The olm (Proteus anguinus) is the only real cave amphibian in Europe and the only living representative of the genus Proteus. It is probably the most famous underground inhabitant in Croatia.
The olm lives in underground rivers and lakes of the Dinaric karst from northern Italy (Trieste area), across Slovenia and Croatia to Bosnia and Herzegovina. Recent research using environmental DNA has shown it probably lives in Montenegro as well.
In Croatia, the olm is recorded from Istria to Dubrovnik in three distinct populations that inhabit the areas of: Istria, Gorski kotar and Gacko polje (northern Lika), and Dalmatia (from the river Krka to Dubrovnik). It is interesting that it was never found in the area of Ličko polje, Velebit Mt and Zrmanja river, presumed due to hydrogeological barriers. With the new genetic researches, population of the olm in the Istria region has been separated into a separate subspecies – Istrian olm (Proteus anguinus ssp.n.).
The body of the olm is slender and elongated, with the total length of the body from 25 to 35 cm (up to 40 cm) from the tip of the muzzle to the tip of the tail. The skin is pale pink-white in colour, except in the black population of a subspecies P. a. parkelj in Slovenia. Legs of this species serve only for gentle movement during the search for food, while powerful tail swings are used for escape. The olm keeps the morphological characteristics of larva in its adult stage, which is called neoteny. Three pairs of pink to bright red gills stand out on its neck. In oxygen-rich waters it breathes with gills and skin, but it can also breathe with lungs in hypoxic conditions. In young individuals, the eyes are visible, while in adults they are atrophied, covered with thin skin and not visible.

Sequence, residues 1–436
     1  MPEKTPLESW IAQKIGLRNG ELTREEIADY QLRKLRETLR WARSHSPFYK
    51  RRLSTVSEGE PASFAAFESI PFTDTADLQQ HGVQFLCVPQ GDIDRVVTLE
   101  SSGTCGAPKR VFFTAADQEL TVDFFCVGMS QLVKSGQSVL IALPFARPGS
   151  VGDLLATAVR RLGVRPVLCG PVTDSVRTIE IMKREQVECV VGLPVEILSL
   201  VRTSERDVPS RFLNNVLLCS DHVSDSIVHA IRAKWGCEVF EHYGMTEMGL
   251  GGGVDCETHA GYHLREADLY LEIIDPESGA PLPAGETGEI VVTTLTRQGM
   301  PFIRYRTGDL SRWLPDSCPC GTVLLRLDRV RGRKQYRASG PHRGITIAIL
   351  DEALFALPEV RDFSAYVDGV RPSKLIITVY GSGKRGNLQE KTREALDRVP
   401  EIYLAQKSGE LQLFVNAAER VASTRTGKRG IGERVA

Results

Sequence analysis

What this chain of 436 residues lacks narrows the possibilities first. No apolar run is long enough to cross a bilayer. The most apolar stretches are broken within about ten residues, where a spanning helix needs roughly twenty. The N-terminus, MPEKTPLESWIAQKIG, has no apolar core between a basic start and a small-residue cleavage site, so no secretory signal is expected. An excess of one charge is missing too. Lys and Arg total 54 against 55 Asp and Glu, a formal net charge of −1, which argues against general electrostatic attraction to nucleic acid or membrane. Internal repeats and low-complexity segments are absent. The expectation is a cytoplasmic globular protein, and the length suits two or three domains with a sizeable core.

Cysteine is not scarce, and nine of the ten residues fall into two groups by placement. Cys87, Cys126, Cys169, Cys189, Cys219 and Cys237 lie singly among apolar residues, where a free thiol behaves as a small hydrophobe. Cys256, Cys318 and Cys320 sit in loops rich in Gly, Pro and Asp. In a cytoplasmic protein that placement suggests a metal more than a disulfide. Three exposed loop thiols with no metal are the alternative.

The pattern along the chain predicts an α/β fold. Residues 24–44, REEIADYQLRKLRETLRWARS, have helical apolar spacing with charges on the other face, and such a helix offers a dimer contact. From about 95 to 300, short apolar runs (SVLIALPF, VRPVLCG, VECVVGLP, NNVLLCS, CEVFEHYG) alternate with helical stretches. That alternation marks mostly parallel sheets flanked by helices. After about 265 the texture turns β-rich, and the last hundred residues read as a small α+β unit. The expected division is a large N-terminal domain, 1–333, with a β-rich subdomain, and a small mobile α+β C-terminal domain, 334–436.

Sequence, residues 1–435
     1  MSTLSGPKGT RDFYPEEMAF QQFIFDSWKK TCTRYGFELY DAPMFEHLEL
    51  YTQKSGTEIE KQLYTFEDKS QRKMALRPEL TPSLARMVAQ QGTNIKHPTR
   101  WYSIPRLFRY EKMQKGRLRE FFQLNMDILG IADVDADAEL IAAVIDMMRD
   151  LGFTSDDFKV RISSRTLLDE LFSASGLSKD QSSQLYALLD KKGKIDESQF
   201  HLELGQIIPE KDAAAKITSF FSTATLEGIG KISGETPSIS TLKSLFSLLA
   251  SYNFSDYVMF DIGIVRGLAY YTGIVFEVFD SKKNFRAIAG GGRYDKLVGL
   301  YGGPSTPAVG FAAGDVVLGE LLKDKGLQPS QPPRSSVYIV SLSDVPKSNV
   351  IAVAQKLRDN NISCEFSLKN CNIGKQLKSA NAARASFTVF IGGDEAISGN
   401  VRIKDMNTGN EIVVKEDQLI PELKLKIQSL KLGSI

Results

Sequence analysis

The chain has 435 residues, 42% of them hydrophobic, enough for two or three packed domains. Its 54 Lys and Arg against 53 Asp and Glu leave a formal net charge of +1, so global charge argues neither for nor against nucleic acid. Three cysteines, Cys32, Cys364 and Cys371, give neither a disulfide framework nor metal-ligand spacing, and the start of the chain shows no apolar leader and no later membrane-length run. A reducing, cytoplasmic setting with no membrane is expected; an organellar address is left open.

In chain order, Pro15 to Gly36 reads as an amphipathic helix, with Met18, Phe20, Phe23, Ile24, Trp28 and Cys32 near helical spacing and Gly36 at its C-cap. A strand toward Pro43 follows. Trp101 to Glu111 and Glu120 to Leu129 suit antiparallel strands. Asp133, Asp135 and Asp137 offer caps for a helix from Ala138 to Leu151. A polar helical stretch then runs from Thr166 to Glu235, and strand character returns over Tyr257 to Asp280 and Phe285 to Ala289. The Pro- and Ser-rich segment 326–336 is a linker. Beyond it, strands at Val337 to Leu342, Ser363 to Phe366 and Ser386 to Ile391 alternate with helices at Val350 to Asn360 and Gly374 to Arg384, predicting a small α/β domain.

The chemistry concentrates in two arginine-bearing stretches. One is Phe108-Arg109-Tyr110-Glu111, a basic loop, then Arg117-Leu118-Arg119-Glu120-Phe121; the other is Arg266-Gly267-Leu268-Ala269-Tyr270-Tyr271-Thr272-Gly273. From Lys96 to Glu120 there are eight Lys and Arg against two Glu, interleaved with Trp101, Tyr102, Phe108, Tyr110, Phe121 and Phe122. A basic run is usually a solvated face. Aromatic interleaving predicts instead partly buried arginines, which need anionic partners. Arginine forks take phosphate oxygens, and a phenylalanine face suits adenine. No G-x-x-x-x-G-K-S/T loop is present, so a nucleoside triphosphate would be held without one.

The olm prefers clean, oxygen-rich water in the temperature range between 5 to 15 °C. It mainly inhabits deeper parts of the caves, but sometimes it can be seen in shallow underground lakes in search for food. During the spring floods, individuals are often thrown out from the underground through karst springs. The olm has a very slow development and reaches the adulthood around 14 to 18 years of age, and lives more than 60 years. It feeds on insect larvas, molluscs and crustaceans. It has been proven that, in exceptional conditions, it can survive from 18 to 96 months without food. Olm doesn’t have a lot of natural enemies, mostly fish that occasionally enter some underground systems.
The main cause of the endangerment of the olm is the degradation of karst underground habitats by pollution of groundwater and numerous interventions that alter hydrological groundwater regimes (e.g. during dam construction and accumulation), and introduction of non-native species into individual systems.
The only living representative of the genus Proteus is globally categorized as a sensitive species (VU), while at the national level it is on the list of endangered taxa (EN).
- Arntzen, J. W., Denoël, M., Miaud, C., Andreone, F., Vogrin, M., Edgar, P., Crnobrnja Isailovic, J., Ajtic, R. & Corti, C. (2009): Proteus anguinus. The IUCN Red List of Threatened Species 2009: e.T18377A8173419.
- Gorički, Š., Stanković, D., Snoj, A., Kuntner, M., Jeffery, W. R., Trontelj, P., Pavićević, M., Grizelj, Z., Năpăruş-Aljančič, M. & Aljančič, G. (2017): Environmental DNA in subterranean biology: range extension and taxonomic implications for Proteus. Scientific Reports 7, Article number: 45054 (2017). doi:10.1038/srep45054
- Jelić, D., Kuljerić, M., Koren, T., Treer, D., Šalamon, D., Lončar, M., Podnar-Lešić, M., Janev Hutinec, B., Bogdanović, T., Mekinić, S. & Jelić, K. (2012): Crvena knjiga vodozemaca i gmazova Hrvatske. Državni zavod za zaštitu prirode, Zagreb.
- Koller, K. (2013.): Rasprostranjenost i zaštita vrste Proteus anguinus Laurenti, 1768 u Hrvatskoj. Diplomski rad. Sveučilište u Zagrebu, Prirodoslovno-matematički fakultet, Zagreb.
- Pravilnik o izmjenama i dopunama Pravilnika o strogo zaštićenim vrstama (NN 73/16)
- http://dx.doi.org/10.2305/IUCN.UK.2009.RLTS.T18377A8173419.en. pristupljeno: 10.3.2017.